America ranks 52nd in the world in the quality of math and science education. A recent survey found that just 2 percent of American high schoolers knew what a computer scientist's job entails. And 61 percent expressed no interest in a science or technical field.
Though programs like FIRST Robotics, NASA and trade organizations including the National Association of Manufacturers have campaigned long and hard to raise the public profile of STEM careers and classes, there's a long way to go.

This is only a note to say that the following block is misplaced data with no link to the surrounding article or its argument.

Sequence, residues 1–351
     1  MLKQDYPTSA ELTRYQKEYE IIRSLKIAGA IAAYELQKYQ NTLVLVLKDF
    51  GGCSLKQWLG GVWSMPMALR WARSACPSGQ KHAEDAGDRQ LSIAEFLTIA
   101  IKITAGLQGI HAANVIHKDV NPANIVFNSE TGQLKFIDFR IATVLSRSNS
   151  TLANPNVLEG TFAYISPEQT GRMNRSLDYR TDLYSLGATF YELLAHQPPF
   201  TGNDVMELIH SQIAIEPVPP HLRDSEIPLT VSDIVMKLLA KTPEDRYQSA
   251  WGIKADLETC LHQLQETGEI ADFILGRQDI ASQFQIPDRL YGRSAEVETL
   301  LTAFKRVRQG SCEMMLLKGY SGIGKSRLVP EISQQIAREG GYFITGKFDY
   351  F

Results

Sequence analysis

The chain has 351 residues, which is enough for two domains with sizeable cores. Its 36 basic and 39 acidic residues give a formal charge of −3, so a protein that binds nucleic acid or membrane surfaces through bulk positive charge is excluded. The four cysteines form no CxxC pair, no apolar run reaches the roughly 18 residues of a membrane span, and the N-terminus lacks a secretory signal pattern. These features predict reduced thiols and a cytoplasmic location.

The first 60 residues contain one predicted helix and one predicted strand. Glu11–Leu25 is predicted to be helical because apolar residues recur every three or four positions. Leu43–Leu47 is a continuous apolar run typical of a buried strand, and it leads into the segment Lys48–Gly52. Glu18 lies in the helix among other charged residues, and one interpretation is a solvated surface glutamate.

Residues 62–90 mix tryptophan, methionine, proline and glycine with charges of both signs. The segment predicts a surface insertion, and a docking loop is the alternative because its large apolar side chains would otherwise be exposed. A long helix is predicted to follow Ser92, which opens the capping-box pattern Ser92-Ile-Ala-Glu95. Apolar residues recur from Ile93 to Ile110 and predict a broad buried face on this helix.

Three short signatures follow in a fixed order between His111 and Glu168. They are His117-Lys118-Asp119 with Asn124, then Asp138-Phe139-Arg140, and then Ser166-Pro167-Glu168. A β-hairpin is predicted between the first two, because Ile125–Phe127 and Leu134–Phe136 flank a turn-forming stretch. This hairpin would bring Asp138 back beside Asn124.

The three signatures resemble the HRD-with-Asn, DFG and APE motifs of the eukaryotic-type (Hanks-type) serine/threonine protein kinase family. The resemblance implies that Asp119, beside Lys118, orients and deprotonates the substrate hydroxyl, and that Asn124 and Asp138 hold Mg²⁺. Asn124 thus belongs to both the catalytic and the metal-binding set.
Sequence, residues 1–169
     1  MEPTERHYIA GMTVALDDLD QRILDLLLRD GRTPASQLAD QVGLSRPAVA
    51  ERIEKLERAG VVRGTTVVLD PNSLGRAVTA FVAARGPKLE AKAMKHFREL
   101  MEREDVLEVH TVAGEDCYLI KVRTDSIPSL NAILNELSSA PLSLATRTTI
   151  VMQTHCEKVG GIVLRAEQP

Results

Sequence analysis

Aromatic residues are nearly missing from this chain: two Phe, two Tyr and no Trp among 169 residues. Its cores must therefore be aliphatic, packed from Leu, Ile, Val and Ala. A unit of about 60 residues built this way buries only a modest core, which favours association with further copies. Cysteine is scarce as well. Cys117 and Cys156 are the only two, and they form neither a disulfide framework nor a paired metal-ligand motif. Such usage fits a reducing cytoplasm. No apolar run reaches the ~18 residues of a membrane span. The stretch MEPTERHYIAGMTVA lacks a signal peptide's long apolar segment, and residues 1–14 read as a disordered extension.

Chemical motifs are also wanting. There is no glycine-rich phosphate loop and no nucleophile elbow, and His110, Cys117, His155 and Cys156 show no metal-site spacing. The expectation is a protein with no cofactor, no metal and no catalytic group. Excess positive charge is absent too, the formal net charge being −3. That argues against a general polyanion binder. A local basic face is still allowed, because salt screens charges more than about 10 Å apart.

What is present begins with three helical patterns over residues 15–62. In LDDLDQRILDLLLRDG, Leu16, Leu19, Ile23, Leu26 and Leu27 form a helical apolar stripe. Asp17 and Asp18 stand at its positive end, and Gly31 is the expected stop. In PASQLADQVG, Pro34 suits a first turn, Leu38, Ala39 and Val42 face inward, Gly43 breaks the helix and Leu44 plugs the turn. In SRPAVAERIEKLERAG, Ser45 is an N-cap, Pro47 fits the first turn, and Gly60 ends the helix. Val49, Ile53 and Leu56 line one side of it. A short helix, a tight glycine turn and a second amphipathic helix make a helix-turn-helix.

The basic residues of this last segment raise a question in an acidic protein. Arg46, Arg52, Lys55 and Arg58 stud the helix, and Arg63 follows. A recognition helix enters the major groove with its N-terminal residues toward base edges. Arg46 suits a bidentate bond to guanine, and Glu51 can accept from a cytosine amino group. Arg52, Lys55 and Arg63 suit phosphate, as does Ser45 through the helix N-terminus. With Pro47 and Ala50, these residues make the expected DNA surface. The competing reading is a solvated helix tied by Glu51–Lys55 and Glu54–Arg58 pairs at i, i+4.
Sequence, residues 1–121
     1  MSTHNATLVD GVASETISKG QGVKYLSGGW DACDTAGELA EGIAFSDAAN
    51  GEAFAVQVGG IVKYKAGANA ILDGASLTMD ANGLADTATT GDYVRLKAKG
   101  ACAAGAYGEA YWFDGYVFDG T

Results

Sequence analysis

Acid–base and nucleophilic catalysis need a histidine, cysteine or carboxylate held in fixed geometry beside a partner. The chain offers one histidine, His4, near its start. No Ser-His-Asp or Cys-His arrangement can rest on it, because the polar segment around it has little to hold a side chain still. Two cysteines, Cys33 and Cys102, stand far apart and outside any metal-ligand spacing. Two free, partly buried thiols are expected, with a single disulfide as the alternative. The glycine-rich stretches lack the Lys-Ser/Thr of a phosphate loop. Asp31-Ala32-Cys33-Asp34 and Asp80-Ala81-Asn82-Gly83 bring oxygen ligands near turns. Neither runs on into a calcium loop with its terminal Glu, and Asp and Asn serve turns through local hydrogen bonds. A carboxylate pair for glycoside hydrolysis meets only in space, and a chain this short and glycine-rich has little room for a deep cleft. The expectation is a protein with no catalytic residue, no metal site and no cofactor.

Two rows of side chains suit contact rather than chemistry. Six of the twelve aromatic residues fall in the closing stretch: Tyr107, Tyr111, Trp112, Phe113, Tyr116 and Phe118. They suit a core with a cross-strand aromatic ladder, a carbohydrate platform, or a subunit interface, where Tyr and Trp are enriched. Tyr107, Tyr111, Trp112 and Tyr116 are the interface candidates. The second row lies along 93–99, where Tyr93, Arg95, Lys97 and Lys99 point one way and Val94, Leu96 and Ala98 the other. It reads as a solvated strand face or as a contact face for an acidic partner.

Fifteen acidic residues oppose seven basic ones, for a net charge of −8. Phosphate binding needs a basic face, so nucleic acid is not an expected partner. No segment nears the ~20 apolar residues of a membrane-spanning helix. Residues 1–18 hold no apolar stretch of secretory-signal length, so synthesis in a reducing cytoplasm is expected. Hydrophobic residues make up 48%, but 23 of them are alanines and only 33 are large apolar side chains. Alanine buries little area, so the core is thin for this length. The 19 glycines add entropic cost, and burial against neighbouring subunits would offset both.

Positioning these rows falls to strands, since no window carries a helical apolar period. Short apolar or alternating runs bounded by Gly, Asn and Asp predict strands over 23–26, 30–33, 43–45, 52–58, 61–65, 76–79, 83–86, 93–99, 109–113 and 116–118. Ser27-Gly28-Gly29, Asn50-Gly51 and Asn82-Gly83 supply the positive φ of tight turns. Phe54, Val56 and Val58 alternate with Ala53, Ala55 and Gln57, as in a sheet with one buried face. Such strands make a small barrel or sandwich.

"The United States was founded in a culture of curiosity, creativity and a can-do spirit," says Theresa Maldonado, of the National Science Foundation Division of Engineering Education and Centers, in a press statement. "Today's conversation is about helping students realize the connection between STEM and that enduring spirit. STEM education is vital to enable anyone and everyone to contribute, in his or her own way, to the great future of our country. Empowerment is the first step, and the National Science Foundation is here to support inspiring approaches to success."